Wrist-slitter of the day
Yes, you've been struggling with your manuscript for years. No, you can't get anyone to look at it or take you seriously. But you're not a ten-year-old girl writing about surviving a divorce, are you? Oh, you are? Loser. (discuss) (Posted by George)


Göknar on Pamuk
Pamuk's trial for allegedly blaspheming Turkishness is set for Friday. His English translator considers the outcome of the trial to be a 'harbinger for relations between the West and Muslim nations.' This worries me. It seems to me this is only so if the outcome is negative for Pamuk. A positive verdict will ostracize Turkey from certain other Muslim nations and potentially fuel the fire, no?

“Responses from within the E.U. during the trial will be symbolic, too,” Göknar said. “Politicians in E.U. countries could let Turkey work out its political freedoms or they could try to stir up resentment against Turkish immigrants in their countries and fuel  jingoism.”

Pamuk's got a roster of elite literary superstars behind him now, too. I hope this helps because things sure look ugly. (discuss) (Posted by Kathryn)

Santa in a Speedo
Ethan Matsuda is so worried about the effect of global warming on the north pole, he's written abook about it called, The North Pole is Sinking.

Ethan is a science fan, an enthusiastic reader of National Geographic Kids. He's been reading about global warming and concerns that pollution and reckless use of energy could be warming the Earth's atmosphere.And that, he concluded, could be threatening the ice around the North Pole.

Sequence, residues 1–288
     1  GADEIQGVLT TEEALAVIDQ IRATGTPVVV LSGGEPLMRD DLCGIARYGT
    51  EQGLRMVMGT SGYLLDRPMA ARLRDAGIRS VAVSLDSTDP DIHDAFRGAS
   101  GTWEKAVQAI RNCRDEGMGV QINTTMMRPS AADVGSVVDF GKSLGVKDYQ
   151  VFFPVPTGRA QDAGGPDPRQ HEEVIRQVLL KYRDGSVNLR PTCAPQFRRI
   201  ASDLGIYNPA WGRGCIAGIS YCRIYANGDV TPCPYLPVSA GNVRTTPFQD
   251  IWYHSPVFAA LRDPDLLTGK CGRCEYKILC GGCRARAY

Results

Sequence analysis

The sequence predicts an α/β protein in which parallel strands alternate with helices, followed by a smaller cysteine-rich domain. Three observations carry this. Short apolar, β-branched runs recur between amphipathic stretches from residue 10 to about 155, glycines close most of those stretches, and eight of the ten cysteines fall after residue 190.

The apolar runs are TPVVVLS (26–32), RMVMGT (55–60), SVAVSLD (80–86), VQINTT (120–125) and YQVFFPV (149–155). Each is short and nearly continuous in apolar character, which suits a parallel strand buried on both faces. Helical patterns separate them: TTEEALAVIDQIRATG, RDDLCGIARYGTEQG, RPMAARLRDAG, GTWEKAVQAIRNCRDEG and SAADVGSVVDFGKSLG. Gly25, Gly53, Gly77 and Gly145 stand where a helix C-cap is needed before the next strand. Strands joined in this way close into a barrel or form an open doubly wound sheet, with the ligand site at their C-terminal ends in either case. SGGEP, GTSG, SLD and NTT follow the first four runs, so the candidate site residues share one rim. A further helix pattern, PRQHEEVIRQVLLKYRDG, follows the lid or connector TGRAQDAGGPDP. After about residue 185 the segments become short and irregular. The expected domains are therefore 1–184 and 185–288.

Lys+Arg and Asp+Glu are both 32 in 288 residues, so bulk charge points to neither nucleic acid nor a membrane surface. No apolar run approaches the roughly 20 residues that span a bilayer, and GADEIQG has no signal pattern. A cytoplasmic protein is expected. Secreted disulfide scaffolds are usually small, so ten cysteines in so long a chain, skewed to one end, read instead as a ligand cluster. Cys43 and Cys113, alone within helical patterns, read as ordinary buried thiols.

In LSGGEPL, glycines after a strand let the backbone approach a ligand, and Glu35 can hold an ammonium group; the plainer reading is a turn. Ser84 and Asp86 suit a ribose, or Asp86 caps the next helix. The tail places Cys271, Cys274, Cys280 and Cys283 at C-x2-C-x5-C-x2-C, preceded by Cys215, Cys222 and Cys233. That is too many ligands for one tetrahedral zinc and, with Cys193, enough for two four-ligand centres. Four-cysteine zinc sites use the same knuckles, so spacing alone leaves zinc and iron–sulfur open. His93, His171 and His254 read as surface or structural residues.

"There's a lot we need to do," Ethan says. "People should be thinking about Santa."

I wish I could find it cute, but today I just find it depressing. Go and frolick, little Ethan. Fly. Fly. Also, forget about Santa. He's at the mall doing aerobics with the blank-faced believers; he hasn't set foot in the north for years, ever since he was co-opted by a beverage company. (discuss) (Posted by Kathryn)

Children are instinctive poets...
And poets, ladies and gentlemen, are... well, you get the picture. Can I get a rimshot, please? The article begins:

At the heart of every childhood is a true innocence, the birthright we all come in with, protected or damaged as we grow, depending on our circumstances. The language innocence attracts to itself (as love, in its different way, does) is the language of poetry - rhyme, rhythm, nonsense, beauty, lyricism, magic, fun - and this language spools out from the nursery rhyme to the fairy tale. "Tell me a story," our children say. "Read me a poem."

See, I have a problem with this Blake shit. Thanks for inventing childhood, Bill, but it's obsolete. There are plenty of children without innocence. I guarantee that if you open your front door right now, you'll see at least one. You may not know it, but come on, a little perspective.

Poetry, in its turn, is the most innocent of literary forms - open, risk-taking, unselfconscious, in a thousand and one different ways. On the simplest level, poetry makes us see things differently.

Oh god, don't even get me started here. But the article's still worth a read. (discuss) (Posted by George)

Philip Roth spits in Death's eye
Roth, interviewed. (discuss) (Posted by George)

Groovy, baby, yeah!
More Esquire covers than you can shake a stoned Go-Go dancer at. (From Boing Boing) (discuss) (Posted by George)

Are you on Richard and Judy's list for 06?
Of course you aren't. Other than Barnes, I don't know any of these books. But that likely says more about my reading habits of late than it does about the list. (discuss) (Posted by George)

Newsflash: Harvard elitist!
Even it's glossy magazines. (discuss) (Posted by George)

We regret the error...